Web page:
Thanks to quattro, the propulsive power can be distributed to each axle as needed. Whenever slip occurs at one of the axles, an electric pump intervenes at lightning speed to increase the oil pressure. The pump presses the clutch plates together in a continuous fashion, thereby permitting the torque to be redirected accordingly. Thanks to a powerful accumulator, this process takes just a few milliseconds.
Dynamics and safety: the chassis
The stiff body lays the cornerstone for the RS 3 Sportback’s precise handling; the chassis is what makes it happen. The four-link rear suspension - with a track measuring 1,528 millimeters (60.16 inches) - is anchored to a subframe and features high-strength-steel control arms that allow it to handle longitudinal and lateral forces separately.
Widened to a 1,564-millimeter (61.57-inch) track, the front suspension is a McPherson strut construction, also with a separate subframe. Key components of the construction are made of aluminum. Thanks to its electromechanical drive, the rack-and-pinion steering is highly efficient, with a sporty-direct gear ratio of 16.2:1.
Coil springs and redesigned shock absorbers provide the vertical support. The sports suspension lowers the body of the RS 3 Sportback by 25 millimeters (0.98 inch) compared with the A3. The new range-topping model in the A3 series boasts 19-inch cast aluminum wheels fitted with 235/35 series tires at the front and 225/35 at the rear. The wheels come standard with machine-polished titanium-look styling, but are optionally available in black with a red rim flange.
The internally ventilated disks measure 370 millimeters (14.57 inches) in diameter at the front and 310 millimeters (12.20 inches) at the rear. The front friction rings are perforated for maximum heat dissipation. They are connected by hollow pins to the aluminum brake disk covers, which are encircled by four-piston fixed calipers painted a high-gloss black and bearing RS logos. The electronic stabilization program (ESP) features a Sport mode and can be switched off entirely.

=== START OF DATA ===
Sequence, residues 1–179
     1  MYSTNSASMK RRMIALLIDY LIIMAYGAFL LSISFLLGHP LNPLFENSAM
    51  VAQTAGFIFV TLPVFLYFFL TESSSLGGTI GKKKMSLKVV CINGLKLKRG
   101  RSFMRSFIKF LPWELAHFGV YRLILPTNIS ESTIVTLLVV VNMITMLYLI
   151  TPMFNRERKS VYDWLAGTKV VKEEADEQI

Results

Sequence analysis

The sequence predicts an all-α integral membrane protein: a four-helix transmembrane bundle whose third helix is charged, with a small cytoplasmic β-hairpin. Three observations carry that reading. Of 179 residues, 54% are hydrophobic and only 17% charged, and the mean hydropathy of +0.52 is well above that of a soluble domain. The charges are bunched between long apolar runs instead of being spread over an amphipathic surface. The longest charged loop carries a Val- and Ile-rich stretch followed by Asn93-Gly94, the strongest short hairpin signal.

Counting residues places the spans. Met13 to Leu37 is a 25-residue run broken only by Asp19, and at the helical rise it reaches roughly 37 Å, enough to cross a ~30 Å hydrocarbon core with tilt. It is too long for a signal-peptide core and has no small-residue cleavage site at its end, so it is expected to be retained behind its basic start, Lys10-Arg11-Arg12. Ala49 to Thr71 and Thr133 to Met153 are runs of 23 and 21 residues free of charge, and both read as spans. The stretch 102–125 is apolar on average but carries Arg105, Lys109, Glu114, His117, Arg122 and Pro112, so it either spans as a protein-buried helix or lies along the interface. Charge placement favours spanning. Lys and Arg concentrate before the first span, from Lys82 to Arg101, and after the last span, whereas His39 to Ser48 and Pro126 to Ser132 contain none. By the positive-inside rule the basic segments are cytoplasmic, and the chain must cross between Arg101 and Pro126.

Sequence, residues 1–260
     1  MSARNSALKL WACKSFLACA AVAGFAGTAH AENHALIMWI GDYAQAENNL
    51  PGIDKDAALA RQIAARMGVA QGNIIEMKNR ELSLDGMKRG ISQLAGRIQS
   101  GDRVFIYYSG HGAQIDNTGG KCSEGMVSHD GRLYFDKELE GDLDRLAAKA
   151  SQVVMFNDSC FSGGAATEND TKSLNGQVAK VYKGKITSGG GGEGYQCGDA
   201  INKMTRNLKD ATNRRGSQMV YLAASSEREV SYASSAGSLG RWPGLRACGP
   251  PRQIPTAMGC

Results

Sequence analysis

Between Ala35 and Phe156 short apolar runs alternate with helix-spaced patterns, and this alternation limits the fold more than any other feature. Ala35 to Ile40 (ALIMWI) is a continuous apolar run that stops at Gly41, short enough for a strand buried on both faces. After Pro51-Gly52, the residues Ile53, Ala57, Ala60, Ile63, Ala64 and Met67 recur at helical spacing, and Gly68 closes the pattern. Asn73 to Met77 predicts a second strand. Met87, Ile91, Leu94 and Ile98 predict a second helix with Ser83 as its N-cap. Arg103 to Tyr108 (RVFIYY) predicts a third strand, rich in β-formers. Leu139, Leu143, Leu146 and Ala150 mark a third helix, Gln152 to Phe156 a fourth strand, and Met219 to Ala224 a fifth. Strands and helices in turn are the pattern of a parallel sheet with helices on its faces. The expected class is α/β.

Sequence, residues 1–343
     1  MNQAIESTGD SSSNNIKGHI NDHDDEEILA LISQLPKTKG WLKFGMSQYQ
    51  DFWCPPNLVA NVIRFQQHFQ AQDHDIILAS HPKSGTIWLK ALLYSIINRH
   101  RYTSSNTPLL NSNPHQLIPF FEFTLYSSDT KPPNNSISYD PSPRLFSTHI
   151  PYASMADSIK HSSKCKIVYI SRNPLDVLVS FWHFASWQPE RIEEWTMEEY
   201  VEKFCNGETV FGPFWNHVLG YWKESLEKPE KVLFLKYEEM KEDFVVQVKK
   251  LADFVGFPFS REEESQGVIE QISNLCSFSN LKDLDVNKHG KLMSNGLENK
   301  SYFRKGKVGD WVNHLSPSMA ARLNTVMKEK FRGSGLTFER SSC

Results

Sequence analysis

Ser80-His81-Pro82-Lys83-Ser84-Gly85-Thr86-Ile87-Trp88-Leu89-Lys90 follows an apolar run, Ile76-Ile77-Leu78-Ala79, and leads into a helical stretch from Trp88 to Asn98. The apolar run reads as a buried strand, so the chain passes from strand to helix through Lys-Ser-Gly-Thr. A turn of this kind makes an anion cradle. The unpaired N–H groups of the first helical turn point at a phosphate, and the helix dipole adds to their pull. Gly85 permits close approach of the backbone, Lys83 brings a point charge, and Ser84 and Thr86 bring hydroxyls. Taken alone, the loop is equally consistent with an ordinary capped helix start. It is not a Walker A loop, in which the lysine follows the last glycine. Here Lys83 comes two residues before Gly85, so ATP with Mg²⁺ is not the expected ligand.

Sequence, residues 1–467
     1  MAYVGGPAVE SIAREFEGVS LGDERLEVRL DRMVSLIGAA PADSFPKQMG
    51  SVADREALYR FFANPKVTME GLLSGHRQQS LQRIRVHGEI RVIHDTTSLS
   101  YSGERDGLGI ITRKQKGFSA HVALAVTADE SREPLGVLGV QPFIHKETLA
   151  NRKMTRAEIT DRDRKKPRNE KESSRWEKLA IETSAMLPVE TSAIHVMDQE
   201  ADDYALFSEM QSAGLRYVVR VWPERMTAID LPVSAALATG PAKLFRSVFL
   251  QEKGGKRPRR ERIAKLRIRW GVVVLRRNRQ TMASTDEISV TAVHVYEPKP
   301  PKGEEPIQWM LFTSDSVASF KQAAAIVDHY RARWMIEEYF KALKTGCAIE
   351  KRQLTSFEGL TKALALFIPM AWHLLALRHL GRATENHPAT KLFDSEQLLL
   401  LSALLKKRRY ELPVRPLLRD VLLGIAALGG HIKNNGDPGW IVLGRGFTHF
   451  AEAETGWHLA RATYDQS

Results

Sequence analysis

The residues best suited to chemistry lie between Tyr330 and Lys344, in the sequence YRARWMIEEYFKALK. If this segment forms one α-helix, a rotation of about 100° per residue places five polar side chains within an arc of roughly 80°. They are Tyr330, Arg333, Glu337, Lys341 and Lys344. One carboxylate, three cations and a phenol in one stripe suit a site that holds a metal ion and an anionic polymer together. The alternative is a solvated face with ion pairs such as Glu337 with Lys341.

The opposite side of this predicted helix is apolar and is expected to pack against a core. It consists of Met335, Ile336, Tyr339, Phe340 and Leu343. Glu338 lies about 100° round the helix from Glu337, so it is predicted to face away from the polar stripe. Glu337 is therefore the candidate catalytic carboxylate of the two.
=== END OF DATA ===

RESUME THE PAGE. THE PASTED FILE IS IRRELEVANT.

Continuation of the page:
Precisely guided by its responsive steering, the RS 3 Sportback eagerly takes to curves and exits them with agility, stability, and serenity. The stability limit is extremely high, an effortless mastery that rounds off the character of this powerful compact car.
Interior and exterior: dynamic styling
The new top-of-the-line model in the A3 series hints at its explosive potential from the very first glimpse. Together with the xenon plus headlights, the front apron, the anthracite single-frame grill with diamond-patterned styling and the air intakes cut a distinctive figure.
The side view is dominated by the flared front fenders made of carbon?fiber?reinforced plastic (CFRP), prominent sill panels, exterior-mirror casings in matt aluminum look and a large roof spoiler. A high-gloss black diffusor insert and two elliptical exhaust tailpipes on the left accentuate the styling at the rear. RS 3 badges adorn the single-frame grill and the rear hatch.
The dynamic style is matched in the interior, entirely black and sporting a number of RS 3 logos. The sports seats are upholstered in Fine Nappa leather with silver contrasting stitching; the inlays gleam in Piano finish black or the new Aluminum Race look; the leather multifunction sports steering wheel is flat-bottomed. The selector lever and instruments are specially designed. The driver information system can display the boost pressure and oil temperature as well as a lap timer.
The RS 3 Sportback comes with an array of standard equipment including the Sport button, rear parking system, climate control, chorus radio system, and xenon plus headlights with LED daytime running lights. Audi offers customers a range of optional features: front bucket seats, roof rails in matt aluminum look, and styling packages in black or matt aluminum. Five exterior colors are available, plus an unlimited selection of custom paint finishes.
The new top-of-the-line model in the A3 series is already the fourth Audi model to be built at Audi Hungaria in Gy?r, where it is rolling off the assembly line alongside the TT Coupé, the TT Roadster and the A3 Cabriolet.
Deliveries of the RS 3 Sportback will begin in early 2011. The base price in Germany will be 49,900 euros.